Boing Boing 

Watch "Do Try This At Home," science series using common items

At-Bristol's Live Science Team has a wonderful video series of experiments that can be done with inexpensive materials available at typical hardware, kitchenware, and grocery stores, like turning water into instant ice.

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Mermaid convention photographs by Arthur Drooker

arthur-drooker-02

Cool Hunting continues its wonderful Conventional Wisdom series by following photographer Arthur Drooker to Merfest, a mermaid convention in North Carolina.

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Just look at these spooky banana ghosts

banana-ghosts-orange-pumpkins

Just look at 'em with their evil chocolate chip eyes. Part of Let's Go Chipper's series on healthy Halloween snacks in the run-up to Saint Beetus Day. Also:

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Rubber band ball

badballI know this rubber band ball is durable because my wife ran over the box with her car without damaging the rubber bands. The manufacturer claims it has at least 270 rubber bands in it.

Rubber band ball ($5)

Illustrated timeline of anti-fun moral panics


(Click to embiggen)

Tor.com has republished a great chart from Bad for You: Exposing the War on Fun!, forthcoming in on January 7. The chart details the central thesis of the book: that "the long-standing campaign against fun" is a recurring story in which anxious, killjoy grownups make up stupid explanations for why the stuff their kids like is terrible and should be banned, and the golden era of their own childhoods (and the amusements that reigned then) should be restored.

The chart starts with Trithemius's 1494 rant against printing presses ("The word written on parchment will last a thousand years. The printed word is on paper. How long will it last?") and moves smartly through books, steam engines, newspapers, photos, telegraphs, movies, phones, phonographs, radio, TV, computers, and (of course), the Internet.

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Optical illusion of the day


Cover the middle seam with your finger, marvel as the contrast effect changes EVERYTHING. Jason Kottke thinks the creator is a witch. When I showed it to my daughter, she said, "Well, your finger is covering up the light that's making it brighter," which is true in a weird sorta way.

Freaky optical illusion

The climate of Middle Earth

Mordor has an inhospitable climate, according to Radagast the Brown (aka climate scientist Dan Lunt) who created a climate model for Middle Earth based on geography as outlined by Tolkien and climate modeling software from our world.

What we saw when we sent a cell phone through a pneumatic tube system

Pneumatic tube systems — little canisters shot through a series of tubes via the power of compressed air — have been around since the 19th century when they were briefly popular as a way to quickly deliver mail in big cities. Today, they're probably most familiar from their use in drive-through banking, but the tubes also turn up at libraries (the one at the main branch of the New York Public Library is particularly steampunky), in scientific laboratories, and in hospitals.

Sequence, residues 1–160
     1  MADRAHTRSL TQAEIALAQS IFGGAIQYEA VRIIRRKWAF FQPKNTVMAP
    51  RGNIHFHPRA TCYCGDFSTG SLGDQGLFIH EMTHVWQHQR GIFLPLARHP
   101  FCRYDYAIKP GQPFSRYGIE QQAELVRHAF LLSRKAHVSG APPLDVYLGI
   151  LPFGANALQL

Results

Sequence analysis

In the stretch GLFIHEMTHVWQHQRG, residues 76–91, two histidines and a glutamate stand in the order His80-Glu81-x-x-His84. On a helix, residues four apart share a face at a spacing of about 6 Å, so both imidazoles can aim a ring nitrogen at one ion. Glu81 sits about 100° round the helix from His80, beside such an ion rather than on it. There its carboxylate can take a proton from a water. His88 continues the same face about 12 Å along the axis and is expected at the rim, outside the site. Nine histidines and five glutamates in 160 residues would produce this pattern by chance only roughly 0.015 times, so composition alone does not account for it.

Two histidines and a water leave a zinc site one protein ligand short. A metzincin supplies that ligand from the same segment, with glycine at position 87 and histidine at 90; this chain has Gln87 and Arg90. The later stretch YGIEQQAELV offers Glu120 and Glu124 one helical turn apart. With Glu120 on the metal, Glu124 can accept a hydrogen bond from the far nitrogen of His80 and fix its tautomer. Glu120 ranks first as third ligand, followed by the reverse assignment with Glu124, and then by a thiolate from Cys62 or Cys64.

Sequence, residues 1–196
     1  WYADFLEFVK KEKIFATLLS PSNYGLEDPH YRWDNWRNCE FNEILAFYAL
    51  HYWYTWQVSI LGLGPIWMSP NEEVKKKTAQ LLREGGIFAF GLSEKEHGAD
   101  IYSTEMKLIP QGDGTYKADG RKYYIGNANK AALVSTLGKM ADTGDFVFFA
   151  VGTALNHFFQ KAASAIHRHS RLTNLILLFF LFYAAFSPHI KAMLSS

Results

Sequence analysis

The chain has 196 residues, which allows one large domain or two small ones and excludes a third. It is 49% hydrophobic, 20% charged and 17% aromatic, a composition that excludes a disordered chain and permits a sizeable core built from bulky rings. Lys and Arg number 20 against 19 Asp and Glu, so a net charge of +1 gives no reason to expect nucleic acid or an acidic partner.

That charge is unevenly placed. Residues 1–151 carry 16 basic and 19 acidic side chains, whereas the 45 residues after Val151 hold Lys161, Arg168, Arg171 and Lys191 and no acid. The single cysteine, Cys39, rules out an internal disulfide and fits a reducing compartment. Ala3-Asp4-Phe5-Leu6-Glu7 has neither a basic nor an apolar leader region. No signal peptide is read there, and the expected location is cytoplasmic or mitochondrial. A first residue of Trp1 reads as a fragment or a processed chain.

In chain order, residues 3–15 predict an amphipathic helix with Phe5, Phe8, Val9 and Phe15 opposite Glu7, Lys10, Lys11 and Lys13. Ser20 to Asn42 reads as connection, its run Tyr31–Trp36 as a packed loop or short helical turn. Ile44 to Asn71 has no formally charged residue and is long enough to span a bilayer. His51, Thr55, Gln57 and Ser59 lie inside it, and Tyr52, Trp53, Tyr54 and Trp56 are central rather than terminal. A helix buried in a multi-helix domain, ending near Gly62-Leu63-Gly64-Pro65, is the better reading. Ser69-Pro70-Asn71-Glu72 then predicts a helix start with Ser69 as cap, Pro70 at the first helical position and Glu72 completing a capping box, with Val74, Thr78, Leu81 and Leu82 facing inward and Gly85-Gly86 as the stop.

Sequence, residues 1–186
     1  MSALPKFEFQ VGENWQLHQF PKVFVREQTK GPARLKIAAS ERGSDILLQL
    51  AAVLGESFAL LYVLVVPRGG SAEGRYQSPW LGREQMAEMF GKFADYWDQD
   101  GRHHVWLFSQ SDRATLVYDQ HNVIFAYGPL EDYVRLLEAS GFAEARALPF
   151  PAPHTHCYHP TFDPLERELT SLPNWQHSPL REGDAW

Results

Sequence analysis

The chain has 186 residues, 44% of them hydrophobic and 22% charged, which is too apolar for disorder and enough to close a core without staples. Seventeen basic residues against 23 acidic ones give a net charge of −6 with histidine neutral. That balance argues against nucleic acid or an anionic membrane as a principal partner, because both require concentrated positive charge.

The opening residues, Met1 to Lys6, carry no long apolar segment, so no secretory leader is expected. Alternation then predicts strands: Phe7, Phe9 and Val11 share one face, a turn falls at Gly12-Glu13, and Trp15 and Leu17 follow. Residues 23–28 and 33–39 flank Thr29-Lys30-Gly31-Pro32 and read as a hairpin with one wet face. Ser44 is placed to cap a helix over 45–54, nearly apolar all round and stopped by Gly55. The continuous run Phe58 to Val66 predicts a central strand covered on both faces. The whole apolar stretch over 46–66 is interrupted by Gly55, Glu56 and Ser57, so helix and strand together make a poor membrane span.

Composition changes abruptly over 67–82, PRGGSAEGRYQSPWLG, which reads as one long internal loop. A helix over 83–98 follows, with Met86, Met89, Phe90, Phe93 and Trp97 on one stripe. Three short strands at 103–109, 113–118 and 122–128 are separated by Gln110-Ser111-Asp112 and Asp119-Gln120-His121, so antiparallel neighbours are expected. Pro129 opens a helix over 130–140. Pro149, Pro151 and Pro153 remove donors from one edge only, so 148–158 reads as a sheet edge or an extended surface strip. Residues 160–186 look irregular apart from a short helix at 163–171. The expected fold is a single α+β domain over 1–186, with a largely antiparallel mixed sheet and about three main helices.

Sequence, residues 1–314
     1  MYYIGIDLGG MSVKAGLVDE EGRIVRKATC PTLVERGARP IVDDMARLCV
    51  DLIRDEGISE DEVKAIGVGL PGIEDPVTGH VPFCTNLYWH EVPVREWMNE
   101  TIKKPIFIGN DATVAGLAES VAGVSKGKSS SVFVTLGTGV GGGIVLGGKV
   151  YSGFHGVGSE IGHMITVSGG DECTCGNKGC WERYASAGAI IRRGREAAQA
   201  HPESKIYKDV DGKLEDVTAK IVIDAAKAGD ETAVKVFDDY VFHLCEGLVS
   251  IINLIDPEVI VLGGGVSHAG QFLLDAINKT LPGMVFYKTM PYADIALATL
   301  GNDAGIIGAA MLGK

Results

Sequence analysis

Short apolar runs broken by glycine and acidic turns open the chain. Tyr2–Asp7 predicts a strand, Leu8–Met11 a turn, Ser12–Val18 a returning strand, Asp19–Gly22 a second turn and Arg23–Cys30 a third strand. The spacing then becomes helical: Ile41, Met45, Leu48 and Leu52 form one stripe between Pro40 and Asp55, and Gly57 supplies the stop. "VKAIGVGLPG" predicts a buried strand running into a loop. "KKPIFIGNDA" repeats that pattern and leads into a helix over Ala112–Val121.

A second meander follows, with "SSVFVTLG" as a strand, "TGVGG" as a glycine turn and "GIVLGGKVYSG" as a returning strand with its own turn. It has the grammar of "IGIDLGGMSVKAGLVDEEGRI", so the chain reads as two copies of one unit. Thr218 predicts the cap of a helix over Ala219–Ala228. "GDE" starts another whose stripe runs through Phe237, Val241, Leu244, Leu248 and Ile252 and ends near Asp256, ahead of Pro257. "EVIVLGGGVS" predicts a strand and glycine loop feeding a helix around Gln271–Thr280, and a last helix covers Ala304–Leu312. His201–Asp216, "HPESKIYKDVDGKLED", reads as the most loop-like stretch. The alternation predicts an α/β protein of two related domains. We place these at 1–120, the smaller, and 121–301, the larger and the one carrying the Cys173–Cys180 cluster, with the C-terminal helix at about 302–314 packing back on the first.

Last month, I spent an inordinate amount of time in one Minneapolis area hospital, waiting for an induced labor to kick in. How do you entertain yourself between the insertion of the IV line and the beginning of serious contractions? Turns out, you go on a lot of short walks, you watch some TV, and (if you're lucky) you convince the nurses to let your husband "mail" his cell phone from the labor/delivery department to the post-natal department, using the hospital's pneumatic tube system.

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If history were a movie, what would be the most egregious plot holes?

Hate that smarmy, too-good-to-be-real Christmas episode of World War I? Annoyed by the lazy montage scene that took us from the first airplane to the Moon in just 66 years? Think "rocks fall, all the dinosaurs die" was just a total cop-out? Here's a fun Reddit thread you will appreciate, pointed out to me by Karen James.

Glowing algae make a nice nightlight

This is a picture of a wave crashing on the New Jersey shore. It glows because of dinoflagellates — little, single-celled plants, animals, and bacteria that float around on the water, moving about with the help of long, moveable protein strands called flagella. Some dinoflagellates are bioluminescent; that is, chemical reactions inside their bodies produce light. The result is glowing oceans. Or, as maker Caleb Kraft recently discovered, the dinoflagellates also make for a soft blue nightlight with really nifty special effects.

You can watch Kraft's nightlight project at YouTube. It's pretty simple to do at home. At it's most basic, all you need to do is purchase some bioluminescent dinoflagellates online, keep them alive in your home, and give them a good shaking occasionally to trigger the chemical reaction.

A couple more helpful links:
Where Kraft bought his dinoflagellates
• A guide to other dinoflagellate dealers, and to the care and feeding of unicellular organisms
• Researchers at the Scripps Institution of Oceanography who are studying dinoflagellate bioluminescence to better understand how it works and what role it plays in the ecosystem
A detailed explanation of what dinoflagellates are and why they glow

Via Treehugger

Image: Red Tide Luminescense, a Creative Commons Attribution (2.0) image from piratelife's photostream

Download a dinosaur (or 17)